Got stink?

Deep cleaning is usually the solution to odors. Replacing fabrics like curtains or carpets is the next step. If it’s your furniture, can you move the stinky piece into the garage for now and replace it with a borrowed or rented piece?

Or maybe you can spread your existing furniture around so the stinky piece doesn’t even look like it’s missing. Remember, minimalist is good.

Remove furniture

You don’t want to make your home look like a bachelor pad with two chairs and a box for a table, but the more furniture you have, the smaller your rooms look to potential buyers. Aim for just enough furniture to make two people comfortable.

Furniture to the middle

Pull living room furniture out from the wall to create little areas where couches and chairs face one another for socializing. Believe it or not, this makes the room look bigger than does the empty space in the middle.

  • Paint is cheap

It’s the labor that costs. If your walls have funky murals or the paint job is looking bad, you can repaint yourself. Grab a neutral shade of paint – an earthy shade of tan, beige, sage, peach, etc. – and get some friends with brushes to help.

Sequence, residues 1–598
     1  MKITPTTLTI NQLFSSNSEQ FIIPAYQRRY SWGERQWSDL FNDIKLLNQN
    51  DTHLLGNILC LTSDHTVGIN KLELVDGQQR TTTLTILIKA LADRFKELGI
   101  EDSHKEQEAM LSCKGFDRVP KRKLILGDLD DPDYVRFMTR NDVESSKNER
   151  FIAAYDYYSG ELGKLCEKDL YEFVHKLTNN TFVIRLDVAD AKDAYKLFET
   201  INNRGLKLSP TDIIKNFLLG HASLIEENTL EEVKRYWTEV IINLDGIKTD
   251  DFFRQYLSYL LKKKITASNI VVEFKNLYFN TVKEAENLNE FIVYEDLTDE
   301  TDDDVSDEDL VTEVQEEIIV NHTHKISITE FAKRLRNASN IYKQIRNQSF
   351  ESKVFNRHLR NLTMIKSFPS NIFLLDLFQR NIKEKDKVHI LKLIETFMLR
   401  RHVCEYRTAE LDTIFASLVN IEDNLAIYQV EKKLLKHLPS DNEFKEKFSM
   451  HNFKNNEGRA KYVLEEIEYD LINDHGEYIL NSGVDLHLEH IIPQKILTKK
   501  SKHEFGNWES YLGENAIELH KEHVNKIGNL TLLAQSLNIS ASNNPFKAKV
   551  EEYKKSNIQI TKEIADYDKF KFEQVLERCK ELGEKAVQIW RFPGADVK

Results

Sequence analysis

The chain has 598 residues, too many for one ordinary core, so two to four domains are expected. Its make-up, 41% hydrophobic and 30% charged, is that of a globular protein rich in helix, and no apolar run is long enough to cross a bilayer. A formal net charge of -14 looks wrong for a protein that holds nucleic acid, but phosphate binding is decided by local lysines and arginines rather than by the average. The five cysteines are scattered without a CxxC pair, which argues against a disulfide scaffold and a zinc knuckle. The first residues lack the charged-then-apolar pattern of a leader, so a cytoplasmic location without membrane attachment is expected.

• Patch wall holes. Got some small holes in your walls? Get some caulk and fill them in before painting over them.
  • Paint other things. Got a fireplace that’s a weird color? Or wooden built-in cabinets that have seen better days? A coat of the right paint can make all the difference. If nothing else, neutral paint makes flaws less noticeable.

Bonus Tip

If your house needs new carpeting, paint or other cosmetic improvements that you can’t afford them, talk to your realtor about running ads that say the house costs $X, but comes with a $5-10k “redecorating bonus.”

In this equation, X is what the house would be worth with improvements and the total cost of the mortgage they’ll be taking out, but you will take the $5-10k loss so they can have immediate cash for redecorating (which is probably less than you’d lose trying to sell it outright with no attempt to market its flaws as assets).

You can do the same with repairs – just call it a “fixing up” bonus.